Myth 3: Kids Can Learn New Languages Well – Adults Can’t

Learning Finnish well is a long journey – so the quicker you cut the excuses and get down to it, the better. Your brain still has that miraculous capacity to absorb a whole new language, even if the way that adults learn language is somewhat different to children.
Photo: Kalle Kataila. All rights reserved.

‘Oh, alright alright’, you say, ‘so maybe Finnish isn’t THAT hard, and maybe all those Finnish workmates of mine AREN’T just English natives clothed in slightly-less-expressive Finnish bodies – and who have this funny secret language they like speaking with one another.’

‘But, well, you know, maybe I’m just a bit too old for the classroom bench. I mean, my kids are sucking up Finnish like fizzy pop – but for me, the words just don’t seem to stick.’

It can indeed feel daunting to learn a whole new language at the grand old age of twenty, thirty, or forty plus. Thankfully, though, your brain is in fact up to the task, and the weight of decades of scientific research is on your side. You will most likely always have a foreign accent, as adult learners are not so able as children to absorb the new sounds of foreign languages. But so what? Wear your accent with pride, as part of your multilingual identity!

It is also true that adults generally learn languages in different ways than children, taking a more analytical and systematic approach. You will therefore probably benefit from some kind of regular language lessons where you get to explore how the language fits together. Many Finnish companies in fact offer international employees free Finnish lessons at their workplace during work time. Don’t miss that great offer if it’s there for the taking! And if it isn’t, ask for it.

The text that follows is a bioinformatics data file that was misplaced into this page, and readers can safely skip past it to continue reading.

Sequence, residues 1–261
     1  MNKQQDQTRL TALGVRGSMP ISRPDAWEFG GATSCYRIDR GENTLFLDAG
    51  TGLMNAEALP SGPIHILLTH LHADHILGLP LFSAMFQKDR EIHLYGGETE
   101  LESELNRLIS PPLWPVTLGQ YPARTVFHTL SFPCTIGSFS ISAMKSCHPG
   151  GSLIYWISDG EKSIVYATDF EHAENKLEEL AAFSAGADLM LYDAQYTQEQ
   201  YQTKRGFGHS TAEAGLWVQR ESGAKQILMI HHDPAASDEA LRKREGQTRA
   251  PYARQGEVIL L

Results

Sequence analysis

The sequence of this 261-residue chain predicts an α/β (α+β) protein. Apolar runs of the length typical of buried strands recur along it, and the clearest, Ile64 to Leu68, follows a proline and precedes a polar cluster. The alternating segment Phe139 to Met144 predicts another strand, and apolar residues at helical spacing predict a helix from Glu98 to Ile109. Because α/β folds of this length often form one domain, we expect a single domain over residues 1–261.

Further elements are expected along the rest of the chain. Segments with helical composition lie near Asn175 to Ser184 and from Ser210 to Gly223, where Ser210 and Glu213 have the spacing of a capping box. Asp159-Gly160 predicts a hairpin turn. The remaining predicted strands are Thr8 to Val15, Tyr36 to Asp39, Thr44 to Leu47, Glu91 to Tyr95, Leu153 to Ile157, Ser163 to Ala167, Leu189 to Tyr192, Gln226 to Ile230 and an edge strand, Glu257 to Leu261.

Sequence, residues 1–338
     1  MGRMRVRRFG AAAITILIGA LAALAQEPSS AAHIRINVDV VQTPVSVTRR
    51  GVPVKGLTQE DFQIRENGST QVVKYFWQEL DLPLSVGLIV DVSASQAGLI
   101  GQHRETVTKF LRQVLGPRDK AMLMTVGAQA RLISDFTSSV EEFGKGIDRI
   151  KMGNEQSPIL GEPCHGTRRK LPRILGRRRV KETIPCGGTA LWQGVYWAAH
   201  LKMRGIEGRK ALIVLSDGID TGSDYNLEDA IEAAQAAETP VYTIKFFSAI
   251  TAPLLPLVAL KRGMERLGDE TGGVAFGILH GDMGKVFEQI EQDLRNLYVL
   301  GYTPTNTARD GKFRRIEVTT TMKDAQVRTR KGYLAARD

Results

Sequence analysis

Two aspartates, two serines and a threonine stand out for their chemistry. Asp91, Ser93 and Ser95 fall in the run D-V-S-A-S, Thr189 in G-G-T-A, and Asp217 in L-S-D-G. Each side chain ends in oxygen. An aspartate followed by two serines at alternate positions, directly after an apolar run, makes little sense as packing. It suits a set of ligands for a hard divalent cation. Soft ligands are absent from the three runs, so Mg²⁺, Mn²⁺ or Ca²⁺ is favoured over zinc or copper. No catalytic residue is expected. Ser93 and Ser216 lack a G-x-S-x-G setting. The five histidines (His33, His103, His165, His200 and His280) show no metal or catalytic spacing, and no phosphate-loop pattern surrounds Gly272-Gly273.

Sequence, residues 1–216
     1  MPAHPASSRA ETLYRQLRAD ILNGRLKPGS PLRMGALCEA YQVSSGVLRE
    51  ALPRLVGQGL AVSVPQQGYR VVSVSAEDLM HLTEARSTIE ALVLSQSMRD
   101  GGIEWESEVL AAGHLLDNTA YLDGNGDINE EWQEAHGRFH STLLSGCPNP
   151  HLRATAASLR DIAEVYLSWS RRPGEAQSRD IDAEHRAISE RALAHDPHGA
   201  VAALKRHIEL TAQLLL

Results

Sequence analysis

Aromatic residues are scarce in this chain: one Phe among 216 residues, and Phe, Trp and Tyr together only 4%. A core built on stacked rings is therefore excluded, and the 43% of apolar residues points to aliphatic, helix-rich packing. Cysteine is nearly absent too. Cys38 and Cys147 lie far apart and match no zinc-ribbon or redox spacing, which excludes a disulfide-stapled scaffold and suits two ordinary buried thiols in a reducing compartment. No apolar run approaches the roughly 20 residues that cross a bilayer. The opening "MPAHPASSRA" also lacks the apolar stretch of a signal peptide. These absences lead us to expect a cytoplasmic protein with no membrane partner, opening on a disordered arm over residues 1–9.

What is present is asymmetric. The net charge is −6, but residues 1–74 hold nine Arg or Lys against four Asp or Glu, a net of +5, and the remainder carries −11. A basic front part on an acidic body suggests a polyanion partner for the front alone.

Just as important as those regular lessons, though, is NOT leaving Finnish just to those regular lessons. You see, in addition to any brain advantages they may have, there are two big reasons why your kids are sucking up Finnish like a sponge. Firstly, they are swimming around in it every day at school or daycare. Secondly, they most likely HAVE TO use Finnish, because they can’t just switch to English and be easily understood by everyone around them.

‘Well, good for them,’ you may reply, ‘but I’ve got my work to do, and I have to use English to get that done’. Yes, that’s true – except there are probably plenty of situations here and there where you could be using the Finnish you already know, like when greeting colleagues in the morning or when chatting together before a work meeting starts. But perhaps it would feel a little… well… awkward?

And there is the crunch: to learn a language well, you need to be willing to use it in real life, make mistakes, and then learn from them – just like the funny language mistakes that kids make. And when you learn that word or phrase you need right there, when trying to explain something to a workmate or buy something in a shop, you are more likely to remember it, because you really need it for doing something important right then.

Adults can learn new languages, and many adults have learnt Finnish to a very high level – even while working full-time in English-based jobs. The sooner you start, the sooner you will get to reap the benefits of even rudimentary Finnish skills.

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